Assembly Minority Leader Brian Kolb said he was not informed by Assemblyman Steve Katz that Katz had been ticketed for marijuana possession and speeding Thursday morning presumably on his way to the Capitol.
“It was brand new news to me to read about it,” Kolb, R-Canandaigua, said. “So it’s the first I’ve heard of it, and I still don’t know what the details are because Mr. Katz has not called me and I have not spoken with him.”
Kolb heads the 43-member GOP conference, and typically he would be the first to know if one of his members was in any hot water. But Katz apparently came to work Thursday and didn’t tell the leader of his conference.
“You would think that that would be at least one of those calls you’d make to just let me know that it’s occurred,” Kolb said. “I have no idea why he didn’t call me. I would like any of our members to keep me informed if they run into some difficulty, just so we are aware of it.”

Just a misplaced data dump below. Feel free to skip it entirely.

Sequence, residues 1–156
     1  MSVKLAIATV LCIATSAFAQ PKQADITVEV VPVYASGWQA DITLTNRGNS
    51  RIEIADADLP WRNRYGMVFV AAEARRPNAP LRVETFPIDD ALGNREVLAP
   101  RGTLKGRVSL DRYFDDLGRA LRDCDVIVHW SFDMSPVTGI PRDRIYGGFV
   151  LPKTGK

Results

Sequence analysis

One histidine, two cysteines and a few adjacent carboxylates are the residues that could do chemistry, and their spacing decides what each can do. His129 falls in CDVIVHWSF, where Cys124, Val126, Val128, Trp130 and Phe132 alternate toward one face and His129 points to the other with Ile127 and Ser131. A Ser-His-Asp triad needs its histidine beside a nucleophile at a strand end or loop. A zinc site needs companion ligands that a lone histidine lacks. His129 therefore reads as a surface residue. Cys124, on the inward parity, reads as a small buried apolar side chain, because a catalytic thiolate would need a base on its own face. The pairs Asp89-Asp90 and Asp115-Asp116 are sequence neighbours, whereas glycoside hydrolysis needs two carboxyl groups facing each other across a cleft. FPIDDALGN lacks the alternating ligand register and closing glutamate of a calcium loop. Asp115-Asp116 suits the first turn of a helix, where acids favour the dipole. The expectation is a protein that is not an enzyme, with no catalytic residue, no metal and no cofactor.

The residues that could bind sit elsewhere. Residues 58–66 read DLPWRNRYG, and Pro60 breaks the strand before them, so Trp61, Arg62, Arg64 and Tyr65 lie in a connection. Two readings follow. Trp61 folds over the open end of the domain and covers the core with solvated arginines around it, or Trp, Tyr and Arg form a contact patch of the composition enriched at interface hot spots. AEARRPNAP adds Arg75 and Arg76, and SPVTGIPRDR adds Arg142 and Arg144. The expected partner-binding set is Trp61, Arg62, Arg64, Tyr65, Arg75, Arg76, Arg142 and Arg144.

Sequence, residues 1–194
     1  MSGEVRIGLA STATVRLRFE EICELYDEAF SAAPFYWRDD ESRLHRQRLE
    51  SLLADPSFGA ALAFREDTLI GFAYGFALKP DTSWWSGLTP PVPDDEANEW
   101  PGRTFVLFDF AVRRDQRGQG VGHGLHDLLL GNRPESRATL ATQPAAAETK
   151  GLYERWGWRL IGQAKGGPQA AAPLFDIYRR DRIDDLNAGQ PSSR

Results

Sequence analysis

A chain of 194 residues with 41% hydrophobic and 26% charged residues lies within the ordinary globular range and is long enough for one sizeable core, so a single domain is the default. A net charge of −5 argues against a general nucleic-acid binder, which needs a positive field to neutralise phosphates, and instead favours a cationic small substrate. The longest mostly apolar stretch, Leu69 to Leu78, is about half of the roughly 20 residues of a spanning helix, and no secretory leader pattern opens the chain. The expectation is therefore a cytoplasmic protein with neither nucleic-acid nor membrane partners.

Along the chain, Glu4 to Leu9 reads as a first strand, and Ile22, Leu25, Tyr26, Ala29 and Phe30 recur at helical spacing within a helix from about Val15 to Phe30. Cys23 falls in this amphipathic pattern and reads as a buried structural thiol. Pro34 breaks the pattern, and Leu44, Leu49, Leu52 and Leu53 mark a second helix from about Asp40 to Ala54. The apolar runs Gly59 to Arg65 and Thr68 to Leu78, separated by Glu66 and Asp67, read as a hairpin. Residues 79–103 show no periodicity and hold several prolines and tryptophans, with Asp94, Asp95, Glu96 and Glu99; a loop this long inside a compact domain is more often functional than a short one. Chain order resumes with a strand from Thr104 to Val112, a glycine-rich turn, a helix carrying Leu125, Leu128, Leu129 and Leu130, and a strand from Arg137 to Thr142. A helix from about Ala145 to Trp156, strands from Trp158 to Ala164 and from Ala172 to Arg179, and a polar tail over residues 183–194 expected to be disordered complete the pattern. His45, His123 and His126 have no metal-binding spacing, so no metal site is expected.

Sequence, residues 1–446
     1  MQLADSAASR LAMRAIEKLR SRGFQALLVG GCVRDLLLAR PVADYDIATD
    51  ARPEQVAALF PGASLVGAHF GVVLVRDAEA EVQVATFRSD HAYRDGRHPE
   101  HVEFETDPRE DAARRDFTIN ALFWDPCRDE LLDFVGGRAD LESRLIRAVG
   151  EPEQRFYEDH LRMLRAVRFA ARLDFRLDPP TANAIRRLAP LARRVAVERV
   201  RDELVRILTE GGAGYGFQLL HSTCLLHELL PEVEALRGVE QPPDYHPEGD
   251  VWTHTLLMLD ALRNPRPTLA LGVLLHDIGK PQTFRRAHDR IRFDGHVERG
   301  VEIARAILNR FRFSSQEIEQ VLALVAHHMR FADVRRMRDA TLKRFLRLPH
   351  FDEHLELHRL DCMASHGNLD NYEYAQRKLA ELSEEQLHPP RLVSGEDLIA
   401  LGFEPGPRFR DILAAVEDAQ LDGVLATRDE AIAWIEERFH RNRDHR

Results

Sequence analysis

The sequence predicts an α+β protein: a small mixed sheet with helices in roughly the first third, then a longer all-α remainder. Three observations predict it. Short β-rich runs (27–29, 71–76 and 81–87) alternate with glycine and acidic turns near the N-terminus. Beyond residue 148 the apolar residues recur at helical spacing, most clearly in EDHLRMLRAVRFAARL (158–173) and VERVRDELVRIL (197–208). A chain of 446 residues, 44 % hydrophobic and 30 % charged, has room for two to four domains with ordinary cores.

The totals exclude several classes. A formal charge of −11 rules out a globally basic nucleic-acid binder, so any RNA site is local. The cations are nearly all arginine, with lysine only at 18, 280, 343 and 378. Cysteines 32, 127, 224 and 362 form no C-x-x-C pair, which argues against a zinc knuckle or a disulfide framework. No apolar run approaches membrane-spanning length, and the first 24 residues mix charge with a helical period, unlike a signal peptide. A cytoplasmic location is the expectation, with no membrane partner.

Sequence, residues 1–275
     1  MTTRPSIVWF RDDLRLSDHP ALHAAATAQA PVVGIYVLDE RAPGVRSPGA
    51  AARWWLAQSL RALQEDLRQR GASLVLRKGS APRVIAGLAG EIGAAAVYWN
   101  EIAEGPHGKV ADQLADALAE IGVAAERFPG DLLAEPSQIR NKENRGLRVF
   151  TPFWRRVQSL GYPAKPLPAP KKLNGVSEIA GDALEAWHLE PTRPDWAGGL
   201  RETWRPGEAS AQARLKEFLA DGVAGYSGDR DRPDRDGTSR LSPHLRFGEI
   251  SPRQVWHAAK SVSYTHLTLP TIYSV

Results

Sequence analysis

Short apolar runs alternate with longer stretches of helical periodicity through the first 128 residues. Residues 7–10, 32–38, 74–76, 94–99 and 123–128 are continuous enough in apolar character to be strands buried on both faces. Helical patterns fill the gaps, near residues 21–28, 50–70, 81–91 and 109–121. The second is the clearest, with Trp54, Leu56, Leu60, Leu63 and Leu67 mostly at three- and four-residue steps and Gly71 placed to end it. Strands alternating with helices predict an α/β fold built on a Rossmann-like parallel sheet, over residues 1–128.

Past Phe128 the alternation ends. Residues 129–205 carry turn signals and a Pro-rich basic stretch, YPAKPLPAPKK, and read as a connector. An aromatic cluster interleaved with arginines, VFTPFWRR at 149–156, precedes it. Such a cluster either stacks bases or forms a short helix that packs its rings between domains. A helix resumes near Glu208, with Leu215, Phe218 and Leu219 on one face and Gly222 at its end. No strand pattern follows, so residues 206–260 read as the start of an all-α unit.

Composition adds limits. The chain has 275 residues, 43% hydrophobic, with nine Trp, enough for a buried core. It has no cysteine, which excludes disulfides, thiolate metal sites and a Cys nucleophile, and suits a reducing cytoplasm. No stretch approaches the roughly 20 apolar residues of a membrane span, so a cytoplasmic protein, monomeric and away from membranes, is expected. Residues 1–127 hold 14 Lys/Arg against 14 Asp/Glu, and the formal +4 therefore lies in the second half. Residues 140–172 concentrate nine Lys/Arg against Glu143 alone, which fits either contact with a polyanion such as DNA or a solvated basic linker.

But Kolb said he wouldn’t offer an opinion on Katz’s situation or indicate whether any action would be taken against him, saying “I just have to wait for the legal process to take its course.”
You can see Katz speaking on the Assembly floor Thursday morning—soon after his arrest—at the 01:07:50 mark of Thursday’s session. He was speaking in opposition to a pain-management bill.
His challenger in the Republican primary last year, Dario Gristina, called on Katz to resign.
“He should just step down,” Gristina told The Journal News. “This is not the behavior you would expect from an elected official, especially from a conservative county like ours.”
Katz’s Democratic opponent, Andrew Falk, said voters expect more from their elected officials, but he didn’t call on Katz to resign.
“It’s shocking behavior and inappropriate behavior, and as an attorney, I see the devastating effects of people who drive under the influence of drugs and alcohol,” Falk said. “I think no matter what your feelings are about what people do in the privacy of their own homes, this is just unacceptable conduct.”